Politicians have kicked out plans to make landlords sign up to a scheme that would have seen their properties registered and inspected to ensure they comply with minimum standards.
According to the Environment Minister, who put forward the proposals, the licensing scheme plan aimed to improve the quality of housing in Jersey’s private rental market.
But that plan was rejected in a narrow vote with 20 in favour, 24 against and four abstentions.
The Chief Minister was among those to refrain from taking part in the debate or voting because he is a residential and commercial landlord. Others, however, declared their interest and proceeded to contribute and vote.
The States Assembly has voted to REJECT the principals of the Minister for the Environment’s proposal to introduce licences and associated regulations for landlords.— States Assembly (@StatesAssembly) September 9, 2020
20 FOR vs 24 AGAINST
Housing Minister Senator Sam Mézec, who had spoken strongly in favour of the plans, shared his frustration at the result on Twitter, drawing attention to the number of voting landlords who are themselves landlords.
“I’ve just done the maths. If States Members who had declared a financial interest in the outcome of the landlord licensing debate had been required to withdraw and not take part in the debate, then the result would have been in favour.
"Vested interests win the day,” he said.
I’ve just done the maths. If States Members who had declared a financial interest in the outcome of the landlord licencing debate had been required to withdraw and not take part in the debate, then the result would have been in favour.— Senator Sam Mézec (@SamMezecJsy) September 9, 2020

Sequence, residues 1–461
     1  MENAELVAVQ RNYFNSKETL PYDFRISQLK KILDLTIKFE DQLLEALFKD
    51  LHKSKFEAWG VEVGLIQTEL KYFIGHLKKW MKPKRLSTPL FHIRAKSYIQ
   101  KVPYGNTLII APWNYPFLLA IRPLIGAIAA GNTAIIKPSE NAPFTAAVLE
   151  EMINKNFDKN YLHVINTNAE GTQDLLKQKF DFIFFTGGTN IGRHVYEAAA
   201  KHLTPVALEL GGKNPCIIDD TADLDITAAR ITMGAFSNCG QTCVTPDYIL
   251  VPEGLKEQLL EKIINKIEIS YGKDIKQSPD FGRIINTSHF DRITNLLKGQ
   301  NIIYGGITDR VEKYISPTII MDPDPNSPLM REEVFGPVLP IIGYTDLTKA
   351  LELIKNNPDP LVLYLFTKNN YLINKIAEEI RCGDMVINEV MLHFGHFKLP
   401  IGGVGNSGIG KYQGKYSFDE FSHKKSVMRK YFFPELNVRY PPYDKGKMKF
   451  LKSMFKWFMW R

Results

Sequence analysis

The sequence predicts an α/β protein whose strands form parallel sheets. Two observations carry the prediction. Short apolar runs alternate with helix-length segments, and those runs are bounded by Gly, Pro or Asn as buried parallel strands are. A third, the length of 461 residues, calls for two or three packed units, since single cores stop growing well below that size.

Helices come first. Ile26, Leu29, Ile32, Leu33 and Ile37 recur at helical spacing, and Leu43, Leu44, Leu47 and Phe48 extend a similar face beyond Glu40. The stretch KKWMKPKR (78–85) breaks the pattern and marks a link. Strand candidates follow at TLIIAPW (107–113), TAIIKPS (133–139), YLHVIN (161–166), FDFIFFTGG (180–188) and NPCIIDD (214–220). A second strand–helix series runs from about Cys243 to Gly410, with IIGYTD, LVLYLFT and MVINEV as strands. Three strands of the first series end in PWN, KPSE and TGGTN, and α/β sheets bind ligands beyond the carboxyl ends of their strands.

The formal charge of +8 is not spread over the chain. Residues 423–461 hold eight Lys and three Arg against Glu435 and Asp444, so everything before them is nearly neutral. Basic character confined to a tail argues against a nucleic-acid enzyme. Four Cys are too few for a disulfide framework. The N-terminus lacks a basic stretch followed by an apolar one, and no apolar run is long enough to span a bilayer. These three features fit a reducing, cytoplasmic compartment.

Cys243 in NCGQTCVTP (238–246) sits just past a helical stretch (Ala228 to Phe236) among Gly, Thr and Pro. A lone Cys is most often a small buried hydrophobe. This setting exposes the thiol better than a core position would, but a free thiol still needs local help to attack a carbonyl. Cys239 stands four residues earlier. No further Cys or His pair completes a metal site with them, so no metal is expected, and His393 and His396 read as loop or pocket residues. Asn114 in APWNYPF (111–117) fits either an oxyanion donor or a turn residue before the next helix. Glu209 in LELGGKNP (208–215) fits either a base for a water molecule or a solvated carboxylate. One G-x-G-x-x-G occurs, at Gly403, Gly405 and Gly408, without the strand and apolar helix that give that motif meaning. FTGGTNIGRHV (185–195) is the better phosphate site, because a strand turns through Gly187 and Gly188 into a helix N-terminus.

Vested interests win the day.
Ahead of the debate, the Jersey Landlords Association (JLA) and the Jersey Tenants Forum submitted reports to States Members outlining their views.
The latter had argued that the plan was necessary, as self-regulation and voluntary schemes had previously failed to protect tenants, with 448 complaints made to the Environment Department about accommodation failing to meet minimum standards since they were introduced.
But the JLA, for which recently elected Assistant Minister Deputy Rowland Huelin is a Political Consultant, said the scheme would simply mean more expense and “red tape” for landlords during already challenging economic circumstances.
JLA Chair Peter Lucas described the rejection of the proposals as neither a "victory for landlords or defeat for tenants, but rather the triumph of common sense."
He continued: "The JLA had argued that it was not a sensible use of taxpayers’ money to inspect thousands of properties to find a handful of bad ones, and it appears that the majority of States Members agree with that position.
"We also said that the most cost-effective way to identify poorly maintained properties and to root out bad landlords is to empower tenants. This means understanding why tenants have historically not complained and doing everything that can be done to change that.
"We have made several suggestions, including the upgrading of leases to include important information about who a tenant can contact in the event of a complaint, and a declaration by the landlord that their property is compliant with all pertinent regulations."
He added that landlords were keen to work productively with Government to promote good standards in the sector.
"This is not a case of the JLA resisting reform, rather we just want to see things done in a targeted and cost-effective manner. We want to help Environmental Health to promote good standards in the sector and will be contacting the Minister shortly."
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